Dogs Rescued From Flood-Ravaged Louisiana Up For Adoption In South Jersey

By Ray Boyd, Kristen Johanson

BLACKWOOD, N.J. (CBS) — Flooding in Louisiana has ravaged thousands of homes and businesses, but also animal shelters.

This week, one shelter in South Jersey stepped up to help.

The Camden County Animal Shelter has placed 18 dogs and puppies rescued from the floods in Louisiana up for adoption at their facility. The dogs were brought to New Jersey to help with the overcrowding of shelters in Louisiana.

Local Volunteers Bring Aid And Relief To Louisiana Flood Victims

“Just seeing the van pull up and see all the dogs, it was really cool,” says Mike Bricker — Director of the Camden County Animal Shelter. “They have all been spayed and neutered, microchipped, flea and tick treated, seen by our veterinarian. So they are ready to go.”

Among the dogs looking for a new home is 4-year-old Great Dane Eliza. Her family’s home was lost in the flooding. Other dogs available include a 12-week-old light-colored Speckled Dachshund named Suagr, a 2-year-old German Shepherd mix, a 3-year-old Corgi mix and Penny and Piper – a pair of Black Lab puppies.

“They are all great dogs,” Bricker says. “It’s going to be good to see them get adopted.”

“These dogs have traveled a great distance to find someone to provide them with the love and care they deserve,” said Freeholder Jonathan Young in a statement. “These dogs, along with other animals, are waiting for you to provide them with their forever home.”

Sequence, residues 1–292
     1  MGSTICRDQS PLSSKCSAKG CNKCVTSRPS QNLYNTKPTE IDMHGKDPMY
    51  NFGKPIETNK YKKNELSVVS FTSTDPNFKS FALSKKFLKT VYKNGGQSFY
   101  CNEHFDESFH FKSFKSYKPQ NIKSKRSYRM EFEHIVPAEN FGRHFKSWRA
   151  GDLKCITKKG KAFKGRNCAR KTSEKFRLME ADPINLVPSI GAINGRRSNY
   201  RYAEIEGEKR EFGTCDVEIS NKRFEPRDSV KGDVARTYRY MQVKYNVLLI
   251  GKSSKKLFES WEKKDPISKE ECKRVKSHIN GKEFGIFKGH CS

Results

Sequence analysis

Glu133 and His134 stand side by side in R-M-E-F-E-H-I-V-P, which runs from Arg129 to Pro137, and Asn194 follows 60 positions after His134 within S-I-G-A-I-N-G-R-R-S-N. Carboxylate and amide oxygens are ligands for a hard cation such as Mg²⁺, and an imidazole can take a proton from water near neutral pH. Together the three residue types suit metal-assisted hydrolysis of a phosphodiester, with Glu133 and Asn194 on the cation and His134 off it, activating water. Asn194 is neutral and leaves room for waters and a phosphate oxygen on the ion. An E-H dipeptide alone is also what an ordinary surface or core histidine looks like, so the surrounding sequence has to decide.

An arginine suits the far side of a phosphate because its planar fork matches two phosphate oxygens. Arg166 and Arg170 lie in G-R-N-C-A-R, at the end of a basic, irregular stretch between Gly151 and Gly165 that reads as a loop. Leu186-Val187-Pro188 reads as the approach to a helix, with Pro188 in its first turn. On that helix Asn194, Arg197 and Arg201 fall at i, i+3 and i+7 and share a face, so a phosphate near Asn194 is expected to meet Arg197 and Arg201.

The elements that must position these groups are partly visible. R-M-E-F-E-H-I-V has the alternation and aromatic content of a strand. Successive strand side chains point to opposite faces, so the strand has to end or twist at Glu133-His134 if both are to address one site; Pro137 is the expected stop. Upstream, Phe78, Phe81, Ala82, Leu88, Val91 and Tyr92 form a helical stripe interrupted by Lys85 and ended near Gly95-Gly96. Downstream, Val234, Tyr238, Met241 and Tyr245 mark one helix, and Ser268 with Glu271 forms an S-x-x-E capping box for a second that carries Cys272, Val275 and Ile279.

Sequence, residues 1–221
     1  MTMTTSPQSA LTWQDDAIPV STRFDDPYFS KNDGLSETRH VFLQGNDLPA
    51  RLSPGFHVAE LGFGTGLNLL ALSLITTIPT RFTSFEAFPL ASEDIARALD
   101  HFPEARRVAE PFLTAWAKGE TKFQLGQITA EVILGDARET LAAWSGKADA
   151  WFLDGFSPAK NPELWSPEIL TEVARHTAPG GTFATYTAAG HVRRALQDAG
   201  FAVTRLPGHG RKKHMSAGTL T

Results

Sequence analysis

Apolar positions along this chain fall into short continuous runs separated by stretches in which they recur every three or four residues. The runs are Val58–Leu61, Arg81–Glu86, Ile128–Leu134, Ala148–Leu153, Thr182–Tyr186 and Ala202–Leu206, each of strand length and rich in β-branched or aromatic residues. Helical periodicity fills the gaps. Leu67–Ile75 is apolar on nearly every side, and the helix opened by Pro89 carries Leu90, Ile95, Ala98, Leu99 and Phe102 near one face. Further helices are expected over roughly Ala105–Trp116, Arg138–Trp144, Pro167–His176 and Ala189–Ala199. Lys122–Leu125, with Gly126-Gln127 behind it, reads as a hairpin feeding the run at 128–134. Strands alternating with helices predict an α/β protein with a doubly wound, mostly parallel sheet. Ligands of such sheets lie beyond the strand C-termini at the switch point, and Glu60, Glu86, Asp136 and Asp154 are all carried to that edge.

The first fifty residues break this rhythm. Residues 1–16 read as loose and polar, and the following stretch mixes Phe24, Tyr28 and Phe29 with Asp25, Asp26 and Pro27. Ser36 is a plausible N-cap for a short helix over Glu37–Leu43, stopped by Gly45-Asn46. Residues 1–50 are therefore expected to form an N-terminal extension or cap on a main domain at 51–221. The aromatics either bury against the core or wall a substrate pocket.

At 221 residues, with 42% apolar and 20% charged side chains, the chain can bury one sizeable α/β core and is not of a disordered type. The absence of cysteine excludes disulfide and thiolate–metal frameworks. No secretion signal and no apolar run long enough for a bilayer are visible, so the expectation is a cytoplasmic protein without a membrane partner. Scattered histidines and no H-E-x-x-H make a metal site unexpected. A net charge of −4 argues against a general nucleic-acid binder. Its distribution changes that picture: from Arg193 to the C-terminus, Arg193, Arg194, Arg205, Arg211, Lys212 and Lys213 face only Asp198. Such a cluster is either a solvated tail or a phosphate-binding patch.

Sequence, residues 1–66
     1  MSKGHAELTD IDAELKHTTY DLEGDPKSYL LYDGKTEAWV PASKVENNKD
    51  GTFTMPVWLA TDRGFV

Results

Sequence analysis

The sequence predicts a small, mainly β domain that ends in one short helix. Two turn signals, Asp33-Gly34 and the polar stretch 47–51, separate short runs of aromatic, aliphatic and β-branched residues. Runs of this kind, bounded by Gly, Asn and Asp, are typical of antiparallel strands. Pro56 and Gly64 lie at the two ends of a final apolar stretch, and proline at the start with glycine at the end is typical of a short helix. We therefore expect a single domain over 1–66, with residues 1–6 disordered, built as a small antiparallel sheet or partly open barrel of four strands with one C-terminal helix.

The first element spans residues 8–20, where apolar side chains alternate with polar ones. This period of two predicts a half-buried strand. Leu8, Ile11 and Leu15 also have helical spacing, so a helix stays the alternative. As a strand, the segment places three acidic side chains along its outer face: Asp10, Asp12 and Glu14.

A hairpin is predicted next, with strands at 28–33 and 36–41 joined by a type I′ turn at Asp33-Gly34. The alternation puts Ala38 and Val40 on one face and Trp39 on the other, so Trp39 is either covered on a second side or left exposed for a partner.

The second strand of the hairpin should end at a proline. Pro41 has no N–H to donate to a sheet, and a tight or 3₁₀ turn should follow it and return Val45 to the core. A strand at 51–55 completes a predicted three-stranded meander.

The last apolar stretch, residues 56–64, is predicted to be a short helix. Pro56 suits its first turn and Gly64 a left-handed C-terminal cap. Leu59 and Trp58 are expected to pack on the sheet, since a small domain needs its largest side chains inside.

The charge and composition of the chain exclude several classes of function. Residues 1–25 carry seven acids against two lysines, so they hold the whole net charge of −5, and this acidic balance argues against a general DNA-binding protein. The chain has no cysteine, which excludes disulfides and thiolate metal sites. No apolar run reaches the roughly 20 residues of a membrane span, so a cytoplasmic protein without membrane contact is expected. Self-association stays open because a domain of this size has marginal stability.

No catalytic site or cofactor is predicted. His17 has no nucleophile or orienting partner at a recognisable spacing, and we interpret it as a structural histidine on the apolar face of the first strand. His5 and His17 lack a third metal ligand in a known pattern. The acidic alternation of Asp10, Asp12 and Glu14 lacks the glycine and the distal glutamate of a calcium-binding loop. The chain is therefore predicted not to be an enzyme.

Anyone interested in adoption is asked to contact the shelter at 856-401-1300, ext. 102 or visit the shelter’s website.

 

More from Kristen Johanson
Comments

One Comment

  1. al smith says:

    How many of these dogs are owned by people looking for them. Does this dog have an owner? The Freeholder says These dogs have traveled a great distance to find someone to provide them with the love and care they deserve,” said Freeholder Jonathan Young in a statement. “These dogs, along with other animals, are waiting for you to provide them with their forever home.” as if they did not come from loving homes that planned to keep them forever and intimates they have not been cared for, even that they have been abused. There has not been enough time for the owners to look for their pets. They should have been kept in the area so the owners could find them This is a money making scheme

  2. Elizabeth Brinkley says:

    How many of these dogs still have families in LA looking for them?

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